How Do Nursing Homes Compare To Senior Cohousing?
There are some advantages to nursing homes like access to trained physicians on site. However as we stated above, many people feel that the drawbacks of living in a nursing home hugely outweigh the benefits.
Some Disadvantages of Nursing Homes Include:
1. Astronomical Cost
According to “Cost of Care Survey,” (an annual report published by life insurance company Genworth) nursing homes are the most expensive form of long-term care.
In California, the average rate for a private room runs $307 per day, totaling more than $112,000 per year. If your loved one (or us for that matter) does not have enough retirement savings set aside, then we face a big problem.
2. Poor Mental & Emotional Health
As we stated above, nursing homes can be very depressing for seniors. Leaving the familiarity and comfort of our home and moving into a nursing home can lead to feelings of loss, loneliness, and isolation.
Seniors who manifest feelings of isolation and depression express less optimism regarding their future health and quality of life.
3. Likelihood of Low-Level Care
We’ve all heard the horror stories of poor treatment and neglect in nursing homes. Some reports show that up to 90 percent of nursing homes are understaffed, which causes poor supervision and increases the risk of accidents.
4. Loss of Independence
Older adults who are accustomed to their personal routines can find it hard to adjust to a new schedule in a nursing home. A loss of freedom and independence can cause seniors to lose their self-esteem because they are no longer in control of their own life.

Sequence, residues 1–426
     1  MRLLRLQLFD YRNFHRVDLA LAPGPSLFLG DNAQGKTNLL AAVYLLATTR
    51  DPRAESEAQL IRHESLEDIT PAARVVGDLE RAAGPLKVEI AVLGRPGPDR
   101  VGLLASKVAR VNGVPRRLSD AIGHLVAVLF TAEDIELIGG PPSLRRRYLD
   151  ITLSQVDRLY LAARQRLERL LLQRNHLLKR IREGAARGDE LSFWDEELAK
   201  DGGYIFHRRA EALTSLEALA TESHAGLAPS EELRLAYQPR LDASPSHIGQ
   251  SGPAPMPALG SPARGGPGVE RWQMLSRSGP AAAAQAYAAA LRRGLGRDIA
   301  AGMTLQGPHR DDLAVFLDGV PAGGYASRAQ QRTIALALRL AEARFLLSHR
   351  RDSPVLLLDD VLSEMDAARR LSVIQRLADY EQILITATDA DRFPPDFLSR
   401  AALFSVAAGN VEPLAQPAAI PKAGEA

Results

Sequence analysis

5. Farther Distances
In some cases, a nursing home may not be in close proximity to family members. A long drive to visit on the weekends can take a toll over time. While some nursing home staff do their best to build a sense of community among the residents, it’s still not family. For seniors, a lack of family presence increases feelings of loneliness and depression.
6. Poorer Quality of Food
A tight budget in a nursing home can mean that seniors only get to eat processed meats, frozen vegetables, and canned fruit. Furthermore, seniors can’t buy additional groceries, unless their relatives bring them.
7. Mean Roommates
For many seniors having to share a room, it can be truly awful tolerating another roommate. A 2014 study revealed, fellow nursing home residents can commit abuse.
According to the researchers’ analysis of data collected from 10 nursing homes in New York, the most common types of abuse were:
Verbal abuse – Most of the cases involved residents screaming at other residents.
Physical abuse – Physical assaults such as hitting, kicking or pushing.
Invasion of privacy – Nursing home residents suffer from other residents touching or taking their property without asking and even entering their rooms without permission.
Finding a Senior Cohousing Community
If you think senior cohousing sounds like a wonderful alternative and is, you can out check the senior cohousing directory to find the list of senior cohousing communities in the United States!
If some communities are already be booked up, don’t worry, you can still try checking them out and/or inquire about a waiting list.
According to the National Council on Aging, seniors are driven by a desire for connectedness. For us to be happy and comfortable in our golden years, we really need to maintain our sense of purpose and independence. Senior cohousing really is an exciting alternative to traditional options and provides the chance to stay connected to people and things that matter to us.